Poulter wins the Houston Open
Every year the PGA Tour congregates at the Houston Open right before the Masters. The story is always the same; which of the top players will play, who needs to figure things out, and who looks the best heading into Augusta? But often what ends up happening is several guys are fighting for a spot in the Masters, a spot they will only claim if they win.
This year, Ian Poulter bested Beau Hossler in a playoff to earn his spot in the field next week. Poulter holed a 25-foot birdie putt to force a playoff and then won on the first extra hole after Hossler thinned a greenside bunker shot into the water hazard left of the 18th green.
Hossler, playing in his 26th PGA Tour event, was another example of what we have come to expect from the 20-somethings on the PGA Tour. He was calm, cool and collected and he hit a high draw out of the bunker to a pin up against the water in the last hole of regulation. Gutsy. Unfortunately, a poorly played bunker shot derailed his chances of a Masters appearance.
Poulter’s life has been uncertain recently, he’s been fighting to hold on to his PGA Tour card and earn a spot in the Masters. At the Dell Technology Match Play, Poulter was told he earned a spot in the Masters with a quarterfinal appearance. But the math was done wrong, and he actually needed to win that match to earn his spot. He didn’t complete that task. He was frustrated and tired after last week and an opening round 73 showed it. But he carded a 64 on Friday and carried it all the way to his first stroke-play victory in the United States.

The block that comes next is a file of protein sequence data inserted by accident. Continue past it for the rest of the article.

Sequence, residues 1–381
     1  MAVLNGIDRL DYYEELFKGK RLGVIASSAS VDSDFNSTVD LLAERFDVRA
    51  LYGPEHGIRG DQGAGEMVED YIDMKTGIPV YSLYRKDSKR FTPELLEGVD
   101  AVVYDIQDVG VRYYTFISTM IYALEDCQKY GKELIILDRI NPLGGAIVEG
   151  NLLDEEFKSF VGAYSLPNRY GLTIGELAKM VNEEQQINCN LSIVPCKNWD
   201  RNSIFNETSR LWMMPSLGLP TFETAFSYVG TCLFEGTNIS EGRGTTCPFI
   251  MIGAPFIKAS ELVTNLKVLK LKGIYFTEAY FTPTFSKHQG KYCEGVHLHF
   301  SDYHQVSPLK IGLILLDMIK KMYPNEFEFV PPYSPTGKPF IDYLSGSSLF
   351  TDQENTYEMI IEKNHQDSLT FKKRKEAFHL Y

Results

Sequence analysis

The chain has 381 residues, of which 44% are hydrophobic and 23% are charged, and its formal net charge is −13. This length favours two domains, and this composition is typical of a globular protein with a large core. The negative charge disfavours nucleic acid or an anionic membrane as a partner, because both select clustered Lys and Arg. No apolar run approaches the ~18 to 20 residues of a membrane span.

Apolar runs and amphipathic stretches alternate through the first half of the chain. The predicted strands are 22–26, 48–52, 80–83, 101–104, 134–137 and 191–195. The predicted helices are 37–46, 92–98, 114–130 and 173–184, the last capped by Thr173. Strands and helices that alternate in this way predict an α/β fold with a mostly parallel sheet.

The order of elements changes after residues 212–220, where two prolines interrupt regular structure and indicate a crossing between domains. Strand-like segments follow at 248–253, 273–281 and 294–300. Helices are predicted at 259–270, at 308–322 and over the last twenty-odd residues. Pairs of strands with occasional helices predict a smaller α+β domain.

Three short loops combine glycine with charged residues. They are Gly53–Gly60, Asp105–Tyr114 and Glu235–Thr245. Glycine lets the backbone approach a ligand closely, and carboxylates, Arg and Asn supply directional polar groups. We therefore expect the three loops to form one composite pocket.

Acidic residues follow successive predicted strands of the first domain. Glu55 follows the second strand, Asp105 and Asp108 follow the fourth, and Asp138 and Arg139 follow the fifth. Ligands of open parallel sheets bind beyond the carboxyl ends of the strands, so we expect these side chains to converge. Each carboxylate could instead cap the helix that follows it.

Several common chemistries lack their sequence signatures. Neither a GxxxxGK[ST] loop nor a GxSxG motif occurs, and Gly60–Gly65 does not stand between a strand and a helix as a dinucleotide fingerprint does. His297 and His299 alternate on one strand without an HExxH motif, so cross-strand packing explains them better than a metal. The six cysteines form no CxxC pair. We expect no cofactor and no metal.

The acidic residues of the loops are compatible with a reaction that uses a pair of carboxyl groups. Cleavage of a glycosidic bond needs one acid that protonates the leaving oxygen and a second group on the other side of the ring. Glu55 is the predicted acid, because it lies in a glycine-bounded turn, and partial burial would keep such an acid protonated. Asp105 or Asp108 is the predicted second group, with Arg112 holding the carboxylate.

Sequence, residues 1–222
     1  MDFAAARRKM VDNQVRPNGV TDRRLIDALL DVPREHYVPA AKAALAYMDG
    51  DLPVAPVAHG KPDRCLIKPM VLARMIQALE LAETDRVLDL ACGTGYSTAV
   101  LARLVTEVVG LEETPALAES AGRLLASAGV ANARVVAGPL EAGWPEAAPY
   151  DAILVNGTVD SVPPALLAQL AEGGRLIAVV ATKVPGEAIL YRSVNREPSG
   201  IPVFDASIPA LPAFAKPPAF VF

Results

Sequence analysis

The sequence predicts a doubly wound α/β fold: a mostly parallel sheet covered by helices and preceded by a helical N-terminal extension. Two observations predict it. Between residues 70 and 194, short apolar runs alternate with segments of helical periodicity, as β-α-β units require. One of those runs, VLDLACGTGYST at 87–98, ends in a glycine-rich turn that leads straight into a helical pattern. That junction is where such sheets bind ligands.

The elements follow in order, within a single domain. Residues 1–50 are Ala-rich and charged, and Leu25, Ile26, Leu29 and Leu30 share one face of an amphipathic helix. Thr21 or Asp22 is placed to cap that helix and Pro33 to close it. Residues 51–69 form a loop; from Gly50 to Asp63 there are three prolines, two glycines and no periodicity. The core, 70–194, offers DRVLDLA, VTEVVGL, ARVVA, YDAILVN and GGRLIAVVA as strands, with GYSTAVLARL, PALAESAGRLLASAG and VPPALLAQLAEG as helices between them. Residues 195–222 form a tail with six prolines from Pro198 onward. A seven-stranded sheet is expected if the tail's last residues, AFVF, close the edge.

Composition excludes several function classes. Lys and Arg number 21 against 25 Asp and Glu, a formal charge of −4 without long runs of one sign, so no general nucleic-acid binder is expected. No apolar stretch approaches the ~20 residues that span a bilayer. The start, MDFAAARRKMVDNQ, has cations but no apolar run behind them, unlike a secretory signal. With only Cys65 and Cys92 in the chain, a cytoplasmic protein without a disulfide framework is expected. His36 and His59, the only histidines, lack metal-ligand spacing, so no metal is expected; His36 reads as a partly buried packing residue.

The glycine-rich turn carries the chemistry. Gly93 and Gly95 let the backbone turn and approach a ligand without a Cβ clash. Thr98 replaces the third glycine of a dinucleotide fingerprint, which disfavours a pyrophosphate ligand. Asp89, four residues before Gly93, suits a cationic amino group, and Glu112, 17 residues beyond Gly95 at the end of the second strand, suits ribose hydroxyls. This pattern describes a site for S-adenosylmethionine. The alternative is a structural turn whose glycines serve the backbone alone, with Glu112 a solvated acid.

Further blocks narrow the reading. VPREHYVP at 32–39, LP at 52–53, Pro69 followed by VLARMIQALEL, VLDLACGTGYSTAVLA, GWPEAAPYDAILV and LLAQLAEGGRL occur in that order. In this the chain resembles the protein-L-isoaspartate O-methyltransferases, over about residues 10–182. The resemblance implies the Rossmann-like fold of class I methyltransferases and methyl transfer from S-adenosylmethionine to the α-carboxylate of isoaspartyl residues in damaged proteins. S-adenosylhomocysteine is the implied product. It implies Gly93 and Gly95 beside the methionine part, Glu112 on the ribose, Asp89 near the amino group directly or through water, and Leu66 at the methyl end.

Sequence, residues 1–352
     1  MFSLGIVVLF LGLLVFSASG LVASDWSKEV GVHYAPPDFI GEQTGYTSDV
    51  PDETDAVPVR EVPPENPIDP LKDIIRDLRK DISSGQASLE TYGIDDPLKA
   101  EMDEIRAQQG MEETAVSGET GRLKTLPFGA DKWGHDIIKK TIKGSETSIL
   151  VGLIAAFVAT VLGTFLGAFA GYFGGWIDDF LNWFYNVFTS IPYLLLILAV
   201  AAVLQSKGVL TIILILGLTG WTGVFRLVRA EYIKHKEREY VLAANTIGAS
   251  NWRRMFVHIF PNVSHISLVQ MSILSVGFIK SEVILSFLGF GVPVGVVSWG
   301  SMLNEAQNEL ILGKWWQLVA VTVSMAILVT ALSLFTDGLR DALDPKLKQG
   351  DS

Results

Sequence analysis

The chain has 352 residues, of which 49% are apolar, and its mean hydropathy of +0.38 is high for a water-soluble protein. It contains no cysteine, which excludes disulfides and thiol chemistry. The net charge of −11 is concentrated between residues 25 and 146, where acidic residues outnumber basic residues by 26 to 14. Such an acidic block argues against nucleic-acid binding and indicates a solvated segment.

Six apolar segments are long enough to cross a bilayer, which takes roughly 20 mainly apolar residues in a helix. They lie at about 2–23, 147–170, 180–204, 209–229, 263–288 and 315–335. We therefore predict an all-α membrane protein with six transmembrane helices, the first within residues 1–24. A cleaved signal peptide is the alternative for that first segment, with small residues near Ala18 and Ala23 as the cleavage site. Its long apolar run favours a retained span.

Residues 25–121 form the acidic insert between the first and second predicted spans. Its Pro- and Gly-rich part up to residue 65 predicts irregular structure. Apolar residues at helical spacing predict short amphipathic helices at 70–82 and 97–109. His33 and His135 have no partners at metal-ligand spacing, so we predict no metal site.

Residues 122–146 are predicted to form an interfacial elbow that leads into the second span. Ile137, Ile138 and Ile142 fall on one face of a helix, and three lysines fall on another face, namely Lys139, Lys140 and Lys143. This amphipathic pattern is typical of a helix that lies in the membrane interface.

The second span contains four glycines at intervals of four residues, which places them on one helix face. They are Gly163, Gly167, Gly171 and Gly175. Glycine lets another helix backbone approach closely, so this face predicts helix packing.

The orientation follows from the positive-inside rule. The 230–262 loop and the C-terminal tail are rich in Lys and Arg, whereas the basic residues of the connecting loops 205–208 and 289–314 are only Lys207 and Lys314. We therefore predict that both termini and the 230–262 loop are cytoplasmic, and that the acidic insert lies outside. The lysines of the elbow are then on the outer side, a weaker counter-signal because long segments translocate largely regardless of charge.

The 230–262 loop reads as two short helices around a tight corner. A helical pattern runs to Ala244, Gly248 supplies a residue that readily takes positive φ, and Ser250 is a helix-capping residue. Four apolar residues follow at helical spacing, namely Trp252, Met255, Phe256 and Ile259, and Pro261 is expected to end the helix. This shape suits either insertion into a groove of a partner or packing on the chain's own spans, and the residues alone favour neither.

No superstars, but the finish at the Houston Open was anything but boring.
Takeaways from the Houston Open
Rickie Fowler was great the first two days, but then went downhill
Fowler was two shots off the lead heading into Saturday after rounds of 66 and 68 to open the week. He was sitting pretty in contention and looked to be trending in the right direction headed to Augusta. The weekend was not nearly as kind to Fowler as he slipped from one shot off the lead to a tie for 43rd at week’s end. There were flashes of brilliance on Thursday and Friday where Rickie had 12 birdies and two bogeys. The putter wasn’t rolling in vintage Fowler fashion, a familiar phenomenon this season, and the result is two less than stellar rounds for a man trying to get the “one of the best without a major” monkey off his back.
Jordan Spieth finished in a tie for third
Spieth hasn’t been himself so far this year, especially on the greens. He has ranked out of the top 100 in strokes gained-putting all season. This week was better for Spieth. He only carded seven bogeys all week and turned in three rounds in the 60s with 21 birdies. All of the hype around the Masters hasn’t been focused on Spieth, at least not the possibility of him winning. Nonetheless, Spieth played well in Houston. He seems to be getting back to his old ways on the greens heading to Augusta.
Now that the Houston open is over, the field is complete, all the spots have been filled. It’s time for the year’s first major. It’s time for the Masters.